Launched on 6th December, this new interim report from The Economics of Ecosystems and Biodiversity (TEEB) presents evidence from four studies that identify policy options to support more sustainable practices in agriculture.
TEEB for Agriculture and Food is an initiative that is bringing together economists, business leaders, agriculturalists and experts in biodiversity and ecosystem services with the aim of reviewing the economic interdependencies between agriculture and natural ecosystems. Our food systems provide us with many invisible benefits, such as pollination, pest control and soil creation. However, there are also costs associated with certain agricultural practices such as soil erosion and species reduction. TEEBAgFood is aiming to make both these costs and benefits visible. In this first phase, the report introduces the key questions, issues and arguments to be addressed.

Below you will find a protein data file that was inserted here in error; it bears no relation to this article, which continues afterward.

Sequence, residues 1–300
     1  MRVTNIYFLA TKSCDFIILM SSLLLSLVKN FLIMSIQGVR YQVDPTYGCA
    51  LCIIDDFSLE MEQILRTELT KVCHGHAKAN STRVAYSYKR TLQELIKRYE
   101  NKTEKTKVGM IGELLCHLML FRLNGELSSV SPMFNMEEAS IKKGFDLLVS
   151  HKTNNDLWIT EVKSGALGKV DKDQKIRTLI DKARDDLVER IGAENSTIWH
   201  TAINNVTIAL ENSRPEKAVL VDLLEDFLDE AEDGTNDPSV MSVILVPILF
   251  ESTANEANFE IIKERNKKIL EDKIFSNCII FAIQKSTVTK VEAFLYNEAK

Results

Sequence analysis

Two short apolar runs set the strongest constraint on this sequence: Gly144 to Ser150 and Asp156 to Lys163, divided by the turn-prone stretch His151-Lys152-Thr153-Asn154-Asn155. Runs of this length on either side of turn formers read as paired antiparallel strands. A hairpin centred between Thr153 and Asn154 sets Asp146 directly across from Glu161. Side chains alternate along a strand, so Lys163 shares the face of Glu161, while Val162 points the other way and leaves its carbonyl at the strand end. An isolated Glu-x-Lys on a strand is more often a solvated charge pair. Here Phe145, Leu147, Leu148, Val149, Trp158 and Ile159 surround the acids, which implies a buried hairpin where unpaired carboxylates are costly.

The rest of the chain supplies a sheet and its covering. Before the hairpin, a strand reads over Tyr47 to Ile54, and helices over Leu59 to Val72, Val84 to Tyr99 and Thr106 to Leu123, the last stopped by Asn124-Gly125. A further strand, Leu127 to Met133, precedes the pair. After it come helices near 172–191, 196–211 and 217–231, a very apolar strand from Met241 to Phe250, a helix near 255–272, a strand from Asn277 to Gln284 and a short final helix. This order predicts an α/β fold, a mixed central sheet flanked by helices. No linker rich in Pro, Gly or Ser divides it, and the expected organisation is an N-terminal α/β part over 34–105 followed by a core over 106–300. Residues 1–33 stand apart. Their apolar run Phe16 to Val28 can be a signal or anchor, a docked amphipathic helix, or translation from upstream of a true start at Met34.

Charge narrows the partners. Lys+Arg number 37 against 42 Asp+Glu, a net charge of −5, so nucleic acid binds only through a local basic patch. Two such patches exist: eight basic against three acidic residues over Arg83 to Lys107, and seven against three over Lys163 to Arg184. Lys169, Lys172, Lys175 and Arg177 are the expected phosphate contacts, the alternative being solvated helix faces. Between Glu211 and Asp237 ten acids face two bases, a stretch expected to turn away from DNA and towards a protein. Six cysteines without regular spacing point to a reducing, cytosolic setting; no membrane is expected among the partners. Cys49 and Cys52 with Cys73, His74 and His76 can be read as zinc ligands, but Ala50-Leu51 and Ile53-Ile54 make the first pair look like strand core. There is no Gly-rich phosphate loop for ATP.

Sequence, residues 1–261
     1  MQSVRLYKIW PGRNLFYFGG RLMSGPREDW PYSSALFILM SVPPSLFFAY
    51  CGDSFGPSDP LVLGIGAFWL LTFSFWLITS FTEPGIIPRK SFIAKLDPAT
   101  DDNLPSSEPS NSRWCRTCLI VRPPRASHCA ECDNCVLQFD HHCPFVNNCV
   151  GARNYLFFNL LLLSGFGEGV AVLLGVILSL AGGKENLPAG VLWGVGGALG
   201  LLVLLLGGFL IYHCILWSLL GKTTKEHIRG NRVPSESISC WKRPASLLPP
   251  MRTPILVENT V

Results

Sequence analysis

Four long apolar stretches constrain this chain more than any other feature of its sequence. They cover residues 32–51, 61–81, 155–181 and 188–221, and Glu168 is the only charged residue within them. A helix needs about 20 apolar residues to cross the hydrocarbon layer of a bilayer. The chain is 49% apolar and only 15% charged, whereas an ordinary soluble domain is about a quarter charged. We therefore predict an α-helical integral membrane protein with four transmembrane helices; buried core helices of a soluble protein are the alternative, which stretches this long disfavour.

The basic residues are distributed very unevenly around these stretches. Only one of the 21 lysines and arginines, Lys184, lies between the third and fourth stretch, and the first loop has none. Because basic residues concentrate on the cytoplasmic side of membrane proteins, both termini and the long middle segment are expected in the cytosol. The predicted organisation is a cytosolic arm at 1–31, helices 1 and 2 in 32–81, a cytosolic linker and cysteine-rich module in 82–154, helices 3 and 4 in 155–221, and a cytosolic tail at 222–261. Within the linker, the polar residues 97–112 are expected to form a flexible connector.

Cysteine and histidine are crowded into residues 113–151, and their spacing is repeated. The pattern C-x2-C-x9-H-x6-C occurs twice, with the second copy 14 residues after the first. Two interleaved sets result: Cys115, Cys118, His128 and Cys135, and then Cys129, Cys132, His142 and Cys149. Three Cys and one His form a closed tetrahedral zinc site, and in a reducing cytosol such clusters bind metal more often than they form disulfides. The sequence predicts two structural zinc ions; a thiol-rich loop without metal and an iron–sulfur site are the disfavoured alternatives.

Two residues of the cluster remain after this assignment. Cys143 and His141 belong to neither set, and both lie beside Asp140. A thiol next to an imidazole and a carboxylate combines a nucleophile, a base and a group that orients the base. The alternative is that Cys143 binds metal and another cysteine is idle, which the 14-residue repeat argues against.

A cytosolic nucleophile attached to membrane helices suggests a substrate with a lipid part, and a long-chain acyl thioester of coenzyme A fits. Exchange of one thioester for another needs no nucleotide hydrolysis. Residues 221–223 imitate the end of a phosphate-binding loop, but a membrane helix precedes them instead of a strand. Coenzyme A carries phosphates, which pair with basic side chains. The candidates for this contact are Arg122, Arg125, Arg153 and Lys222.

The studies in the report focus on sectors including livestock, rice, agroforestry, inland fisheries and palm oil, which are known to have high external costs that are not factored into the price we see on the shelves.
Finally, the report examines the way forward for this study by identifying economic and policy drivers and incentives that influence land-use decisions and management techniques within production systems around the world.
Photograph: Matthias Ripp
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